Socialist Worker

Fighting harassment in Cairo's Tahrir Square

by Gigi Ibrahim
Issue No. 2361

Sexual harassment is very common in Egypt. We have set up organisations to challenge it in Tahrir Square. Statistics say over 99 percent of Egyptian women have been sexually harassed at some point in their lives.

This can be anything from words or groping to rape. Before the revolution harassment by groups of men could be a problem in the streets. This was especially the case on holidays like Eid, when people were out in city squares and parks. 

But today group sexual harassment is being used as a weapon against the revolution.

It wasn’t a problem in the early days of the revolution. We saw it for the first time in Tahrir Square in December 2012. Such attacks had peaked during the protests for the revolution’s second anniversary in January. But then there were another 60 attacks in Tahrir during the 30 June protests.

Survivors describe the same tactics. A woman is separated from her friends or family in a crowd. Then a group of men form a circle around her and pull her away. They generally say the same things, “I’m here to protect you. Come to the side. You need to get away from those people over there” and so on. 

Yet even as they are saying this other men are taking off the woman’s shoes and clothes, and groping her. This method is common to so many of the attacks. The men often have weapons—knives, electric shockers or even guns. Sometimes the assaults are so brutal that the women need hospitalisation and surgery.

We believe these group attacks are organised. On some big protests there will only be a handful of cases. Then another time there will be a spike of many serious cases.

We don’t know who the men are. Many believe them to be paid thugs, or gangs from the National Democratic Party—people from Hosni Mubarak’s old regime. Some may also be individuals or gangs who now think Tahrir is the place to go to harass women.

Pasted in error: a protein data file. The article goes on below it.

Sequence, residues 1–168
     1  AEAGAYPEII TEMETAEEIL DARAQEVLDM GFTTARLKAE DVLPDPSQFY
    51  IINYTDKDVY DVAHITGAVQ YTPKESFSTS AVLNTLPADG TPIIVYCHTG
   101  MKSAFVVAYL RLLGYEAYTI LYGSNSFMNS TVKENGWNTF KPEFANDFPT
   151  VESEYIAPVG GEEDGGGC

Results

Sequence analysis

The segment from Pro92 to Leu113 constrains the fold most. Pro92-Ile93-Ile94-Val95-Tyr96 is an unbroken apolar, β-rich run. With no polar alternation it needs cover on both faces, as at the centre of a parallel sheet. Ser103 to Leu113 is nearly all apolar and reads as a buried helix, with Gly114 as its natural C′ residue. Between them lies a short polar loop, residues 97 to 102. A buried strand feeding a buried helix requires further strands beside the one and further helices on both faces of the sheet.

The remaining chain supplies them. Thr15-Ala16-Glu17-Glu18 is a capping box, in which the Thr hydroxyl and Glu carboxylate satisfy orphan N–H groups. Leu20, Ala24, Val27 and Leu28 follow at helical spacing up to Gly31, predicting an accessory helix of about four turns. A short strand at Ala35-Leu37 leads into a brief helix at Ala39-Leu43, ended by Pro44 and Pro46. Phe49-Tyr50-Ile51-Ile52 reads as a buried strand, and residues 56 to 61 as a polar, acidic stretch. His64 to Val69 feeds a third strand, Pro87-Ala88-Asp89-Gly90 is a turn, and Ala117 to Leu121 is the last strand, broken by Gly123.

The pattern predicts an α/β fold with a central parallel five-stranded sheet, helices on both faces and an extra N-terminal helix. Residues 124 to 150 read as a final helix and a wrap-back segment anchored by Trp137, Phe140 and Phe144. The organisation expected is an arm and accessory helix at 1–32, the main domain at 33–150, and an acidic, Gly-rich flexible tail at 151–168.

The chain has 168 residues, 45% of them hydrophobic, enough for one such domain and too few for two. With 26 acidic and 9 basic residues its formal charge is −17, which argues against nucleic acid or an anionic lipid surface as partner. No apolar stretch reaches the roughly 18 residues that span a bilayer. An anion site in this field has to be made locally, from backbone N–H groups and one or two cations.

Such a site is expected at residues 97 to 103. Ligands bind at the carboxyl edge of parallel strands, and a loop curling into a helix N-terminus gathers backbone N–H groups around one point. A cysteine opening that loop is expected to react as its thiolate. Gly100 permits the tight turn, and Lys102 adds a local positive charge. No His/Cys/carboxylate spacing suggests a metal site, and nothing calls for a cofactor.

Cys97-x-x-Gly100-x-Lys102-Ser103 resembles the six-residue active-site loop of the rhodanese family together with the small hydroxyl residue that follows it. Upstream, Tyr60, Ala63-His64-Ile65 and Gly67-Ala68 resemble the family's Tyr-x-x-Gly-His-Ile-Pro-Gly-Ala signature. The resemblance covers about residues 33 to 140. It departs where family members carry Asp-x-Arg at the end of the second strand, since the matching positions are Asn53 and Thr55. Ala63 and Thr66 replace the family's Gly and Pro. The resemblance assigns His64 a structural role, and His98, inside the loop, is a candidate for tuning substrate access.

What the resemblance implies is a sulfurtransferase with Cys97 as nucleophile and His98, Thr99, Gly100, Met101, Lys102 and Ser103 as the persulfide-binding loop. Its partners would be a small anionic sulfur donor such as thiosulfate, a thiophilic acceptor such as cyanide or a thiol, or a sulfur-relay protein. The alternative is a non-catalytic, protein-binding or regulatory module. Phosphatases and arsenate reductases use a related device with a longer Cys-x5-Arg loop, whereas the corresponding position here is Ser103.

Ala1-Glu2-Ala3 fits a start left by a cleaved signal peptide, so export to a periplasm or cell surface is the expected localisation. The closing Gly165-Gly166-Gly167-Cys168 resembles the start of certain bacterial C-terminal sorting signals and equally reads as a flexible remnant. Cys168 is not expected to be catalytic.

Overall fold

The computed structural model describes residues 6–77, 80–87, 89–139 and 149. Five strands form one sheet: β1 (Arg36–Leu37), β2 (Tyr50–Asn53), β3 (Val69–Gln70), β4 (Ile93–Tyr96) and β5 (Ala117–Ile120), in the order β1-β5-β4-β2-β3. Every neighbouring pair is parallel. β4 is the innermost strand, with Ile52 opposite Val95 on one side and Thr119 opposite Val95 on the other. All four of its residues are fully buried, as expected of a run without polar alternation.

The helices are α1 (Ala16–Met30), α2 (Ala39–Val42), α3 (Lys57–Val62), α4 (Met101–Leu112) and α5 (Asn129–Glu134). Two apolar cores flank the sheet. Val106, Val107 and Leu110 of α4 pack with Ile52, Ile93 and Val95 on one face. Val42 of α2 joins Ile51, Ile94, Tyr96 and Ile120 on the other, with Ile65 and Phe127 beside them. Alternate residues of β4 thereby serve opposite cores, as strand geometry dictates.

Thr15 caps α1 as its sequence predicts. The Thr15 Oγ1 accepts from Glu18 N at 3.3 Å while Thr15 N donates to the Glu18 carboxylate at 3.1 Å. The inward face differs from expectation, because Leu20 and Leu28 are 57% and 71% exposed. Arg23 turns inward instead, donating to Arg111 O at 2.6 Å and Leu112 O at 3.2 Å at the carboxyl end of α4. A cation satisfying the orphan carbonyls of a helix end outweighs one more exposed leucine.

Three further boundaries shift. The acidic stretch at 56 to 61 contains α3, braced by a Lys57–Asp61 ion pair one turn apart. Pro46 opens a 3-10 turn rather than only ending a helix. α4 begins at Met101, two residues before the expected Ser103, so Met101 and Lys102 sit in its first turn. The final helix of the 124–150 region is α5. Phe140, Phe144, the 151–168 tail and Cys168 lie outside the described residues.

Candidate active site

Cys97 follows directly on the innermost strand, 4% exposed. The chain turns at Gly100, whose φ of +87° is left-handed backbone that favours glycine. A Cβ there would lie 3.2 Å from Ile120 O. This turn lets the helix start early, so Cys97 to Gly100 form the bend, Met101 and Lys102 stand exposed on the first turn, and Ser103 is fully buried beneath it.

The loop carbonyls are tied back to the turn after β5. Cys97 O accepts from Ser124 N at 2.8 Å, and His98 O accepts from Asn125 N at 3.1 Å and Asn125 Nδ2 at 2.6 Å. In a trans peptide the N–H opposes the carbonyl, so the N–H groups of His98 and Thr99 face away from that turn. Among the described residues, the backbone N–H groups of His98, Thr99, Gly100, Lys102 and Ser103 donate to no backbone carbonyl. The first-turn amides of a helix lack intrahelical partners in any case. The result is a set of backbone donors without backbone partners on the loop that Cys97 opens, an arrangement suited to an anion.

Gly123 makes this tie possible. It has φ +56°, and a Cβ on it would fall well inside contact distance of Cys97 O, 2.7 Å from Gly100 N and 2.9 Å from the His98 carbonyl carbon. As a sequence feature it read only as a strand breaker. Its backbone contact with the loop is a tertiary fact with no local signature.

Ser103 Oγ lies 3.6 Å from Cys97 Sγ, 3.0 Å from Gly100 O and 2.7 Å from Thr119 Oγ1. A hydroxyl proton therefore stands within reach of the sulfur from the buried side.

Combat

Tahrir Bodyguard and Operation Sexual Harassment are groups set up to combat these attacks. They aim to simply get the women away. 

There is no time to pinpoint the harassers. Among hundreds of men it is impossible to tell who is an attacker and who might be genuinely trying to help. 

And all the time you spend trying to work out who is doing what, the woman is in the centre of the circle suffering. So we get the woman out as fast as possible to a safe place. Then we take her back home or to hospital. We make sure she gets all the support she needs.

Our hotline is only open when we are out in the square. The intervention groups are always made up of both women and men. We wear the same shirt so we can be recognised. 

It is vital there are women involved. When a woman is being attacked she doesn’t know who to trust. She needs to see women as part of the group pushing through to rescue her.

When I’ve gone in, you don’t think of it as stopping a sexual assault, it’s more like going into a war zone. The men try to stop you by saying she is my sister or my cousin. You have to ignore them and push in to form a circle around the woman and get her away. 

Many of these attacks are attempts to scare women so they won’t take part in the struggle for fear of being sexually assaulted.

But it hasn’t worked. It hasn’t stopped women coming out, because if half of Egyptian society doesn’t take part in the struggle then we have no revolution.

This week Tahrir has been full of women. They were veiled and unveiled, Christian women, and women from all backgrounds and all ages. 

This is the way to resist attempts to drive women out of the revolution. Throughout the struggle we have seen women step up. Women have been in the frontline and are not giving up, whether it is in the streets and square or leading strikes in the factories. 

Women being central in the struggle is proof that the revolution continues. 

Gigi Ibrahim is a member of the Revolutionary Socialists in Cairo

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